Ok so I don’t exactly mean gorgeous girls. My miniature models series is an ongoing project, shot over many years with the aim to produce these little miniatures of well known places or objects. In this blog I will tell you how you can also recreate this for yourself and how to get it right from the start. This is a fun and easy way to get more out of your photography and helps you think creatively when capturing the image.
This effect works really well when you shoot it correctly to begin with. The way to get that right is to remember these few rules, always be slightly higher than your subject or scene, use a wide angle lens and shoot knowing that you are going to be creating a miniature model from the scene. Having a popular or well known subject also adds to excitement and appeal of the scene.
Having people in the scene really makes it look like a miniature model, but you have to remember to shoot far away enough from the people to make them look small in the scene. You have to remember how you would be looking at a miniature model as if you were actually there, so you would be looking at it from high above, and everything looks rather small.
So lets get started.
Open your image into photoshop and duplicate the background layer. Next we need to name that copy layer ‘blur’. Make sure that you target the ‘blur’ layer and go to -filter -blur -lens blur and a dialogue box will pop up with sliders to enable you to create the effect of a tilt/shift lens.
Next you need to tick the ‘preview’ block and tick ‘faster’. Choose ‘none’ as the source from the depth map box and ‘hexagon’ from the iris shape, this gives your blur a more realistic look. Set radius to 60 and set blade curvature and rotation to 0. Then set threshold to 252 and brightness to 2, click ok to apply the blur filter.
Paris, from the Eiffel tower.
The effect that we are going to produce is a shallow depth of field and in order to do this we need to make some magic now with a layer mask to reveal a sharp layer below the blur. Add a mask to your ‘blur’ layer and make sure your mask is white and active. Switch to the gradient tool and at the top at the tool options bar choose reflected gradient and mode ‘normal’. Reset your tool box colours to black and white by tapping ‘D’ and make sure that black is the top colour in the toolbox colours.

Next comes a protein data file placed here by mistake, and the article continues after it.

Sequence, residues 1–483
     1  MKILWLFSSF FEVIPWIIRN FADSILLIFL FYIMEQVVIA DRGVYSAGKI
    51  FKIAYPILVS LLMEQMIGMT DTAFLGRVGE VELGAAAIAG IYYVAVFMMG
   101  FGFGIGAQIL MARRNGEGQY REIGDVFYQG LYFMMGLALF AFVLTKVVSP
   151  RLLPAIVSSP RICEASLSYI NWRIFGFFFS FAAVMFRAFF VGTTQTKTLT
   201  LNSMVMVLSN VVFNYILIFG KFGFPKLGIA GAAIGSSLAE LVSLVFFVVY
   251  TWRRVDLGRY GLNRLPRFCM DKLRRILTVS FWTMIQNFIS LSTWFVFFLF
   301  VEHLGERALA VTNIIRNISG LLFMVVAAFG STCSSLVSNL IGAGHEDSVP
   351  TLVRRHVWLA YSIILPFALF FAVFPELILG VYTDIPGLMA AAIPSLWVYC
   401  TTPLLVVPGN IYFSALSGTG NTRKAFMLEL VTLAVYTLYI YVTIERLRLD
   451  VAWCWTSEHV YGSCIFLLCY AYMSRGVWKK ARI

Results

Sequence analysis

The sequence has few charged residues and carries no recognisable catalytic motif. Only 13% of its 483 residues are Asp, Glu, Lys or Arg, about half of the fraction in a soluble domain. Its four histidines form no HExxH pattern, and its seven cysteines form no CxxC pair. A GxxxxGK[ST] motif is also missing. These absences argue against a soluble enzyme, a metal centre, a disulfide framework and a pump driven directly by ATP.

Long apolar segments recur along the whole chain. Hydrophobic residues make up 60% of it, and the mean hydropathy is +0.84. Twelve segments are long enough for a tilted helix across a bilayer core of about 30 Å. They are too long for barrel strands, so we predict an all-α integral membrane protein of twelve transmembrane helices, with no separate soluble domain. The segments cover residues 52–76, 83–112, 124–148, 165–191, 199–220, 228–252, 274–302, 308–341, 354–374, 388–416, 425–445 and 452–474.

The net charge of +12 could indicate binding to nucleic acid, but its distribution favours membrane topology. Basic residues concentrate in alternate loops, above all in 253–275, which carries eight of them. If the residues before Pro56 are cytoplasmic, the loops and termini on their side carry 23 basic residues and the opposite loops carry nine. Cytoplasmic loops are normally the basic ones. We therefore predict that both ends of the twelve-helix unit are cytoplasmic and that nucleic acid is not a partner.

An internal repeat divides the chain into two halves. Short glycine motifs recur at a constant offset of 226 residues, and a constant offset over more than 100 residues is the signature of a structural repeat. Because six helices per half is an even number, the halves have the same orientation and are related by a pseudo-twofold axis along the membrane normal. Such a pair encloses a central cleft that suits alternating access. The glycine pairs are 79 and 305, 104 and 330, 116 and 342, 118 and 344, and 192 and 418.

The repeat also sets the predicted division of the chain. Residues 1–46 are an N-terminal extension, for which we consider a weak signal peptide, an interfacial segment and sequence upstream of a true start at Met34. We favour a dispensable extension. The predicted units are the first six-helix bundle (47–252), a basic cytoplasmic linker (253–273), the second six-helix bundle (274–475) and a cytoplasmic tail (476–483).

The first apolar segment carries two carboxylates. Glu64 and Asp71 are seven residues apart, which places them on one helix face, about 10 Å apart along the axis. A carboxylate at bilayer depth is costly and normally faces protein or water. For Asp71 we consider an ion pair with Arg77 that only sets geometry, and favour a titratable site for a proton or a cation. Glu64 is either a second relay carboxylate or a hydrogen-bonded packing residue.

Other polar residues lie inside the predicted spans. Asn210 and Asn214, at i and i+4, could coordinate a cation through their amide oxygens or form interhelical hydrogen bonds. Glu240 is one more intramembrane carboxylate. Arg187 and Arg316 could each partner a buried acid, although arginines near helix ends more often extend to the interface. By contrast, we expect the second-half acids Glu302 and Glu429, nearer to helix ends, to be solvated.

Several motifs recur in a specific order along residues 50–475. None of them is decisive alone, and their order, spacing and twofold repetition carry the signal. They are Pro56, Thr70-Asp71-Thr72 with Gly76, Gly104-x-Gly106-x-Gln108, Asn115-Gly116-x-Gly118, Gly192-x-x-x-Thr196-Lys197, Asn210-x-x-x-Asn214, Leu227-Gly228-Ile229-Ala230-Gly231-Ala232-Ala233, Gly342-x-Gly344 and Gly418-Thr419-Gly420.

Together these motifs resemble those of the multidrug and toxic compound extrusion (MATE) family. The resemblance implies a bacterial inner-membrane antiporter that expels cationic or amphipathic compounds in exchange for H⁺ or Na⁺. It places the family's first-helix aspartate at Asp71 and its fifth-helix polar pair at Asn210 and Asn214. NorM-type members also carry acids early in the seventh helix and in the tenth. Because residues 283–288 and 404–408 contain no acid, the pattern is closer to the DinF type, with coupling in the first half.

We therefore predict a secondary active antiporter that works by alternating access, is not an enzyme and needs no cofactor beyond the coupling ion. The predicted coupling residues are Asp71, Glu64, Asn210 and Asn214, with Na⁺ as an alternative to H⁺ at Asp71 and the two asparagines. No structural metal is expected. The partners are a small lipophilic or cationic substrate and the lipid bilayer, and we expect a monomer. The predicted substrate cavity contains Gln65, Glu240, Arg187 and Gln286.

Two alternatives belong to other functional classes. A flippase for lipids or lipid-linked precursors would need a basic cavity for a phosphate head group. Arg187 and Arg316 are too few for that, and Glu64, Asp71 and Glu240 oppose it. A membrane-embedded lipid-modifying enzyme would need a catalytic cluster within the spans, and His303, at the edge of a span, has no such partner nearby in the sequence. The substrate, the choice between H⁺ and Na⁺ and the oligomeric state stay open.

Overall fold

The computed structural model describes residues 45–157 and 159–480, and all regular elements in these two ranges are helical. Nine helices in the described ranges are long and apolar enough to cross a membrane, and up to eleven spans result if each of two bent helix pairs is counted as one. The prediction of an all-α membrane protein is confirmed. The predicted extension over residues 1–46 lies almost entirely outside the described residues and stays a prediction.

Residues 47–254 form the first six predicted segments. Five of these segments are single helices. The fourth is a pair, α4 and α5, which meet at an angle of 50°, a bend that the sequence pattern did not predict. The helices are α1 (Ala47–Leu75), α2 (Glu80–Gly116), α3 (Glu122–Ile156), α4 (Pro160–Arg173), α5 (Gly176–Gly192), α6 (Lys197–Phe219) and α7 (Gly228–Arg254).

Johannesburg, South Africa.
Now you have to set your gradient and this will show up the sharp layer below your mask. Click a point on your image that has the features you want to be sharp, and drag it down(I find a horizontal or slightly angled line works best) until you are happy with how much of your image is in focus. Again do not have too much of your image in focus as the effect is created by having most of the image blurred out. You can always re draw your line bigger or smaller if you are not happy with the effect.
You will need to blur out anything in the foreground that is too large as it will give away the size of your objects in the middle ground, this you will have to do by hand with the brush.
Paris, France, taken from the Eiffel tower.
To blur anything in the image with the brush switch to brush tool and set your size to between 250 and 300, with the hardness at 50% and opacity and flow to 30%. If you set your toolbox colour to black you will reveal more sharp layer below, if you set your toolbox colour to white you will add more blur from your blur layer. This you will have to play around with to suit each individual image to get the effect right. The final step is to add a curves adjustment layer to boost the contrast and colour to give the model a more realistic look, as many models are well lit and painted with rich saturated colours.
Sandton, South Africa.
Cape Town, South Africa.
Olifants Rivier, Kruger Park, South Africa.
KZN Midlands, South Africa.
Feel free to comment below and let me know if you have any problems or need extra help, maybe I will do a video blog to help show you how to do it better. I would also love to see your miniature models.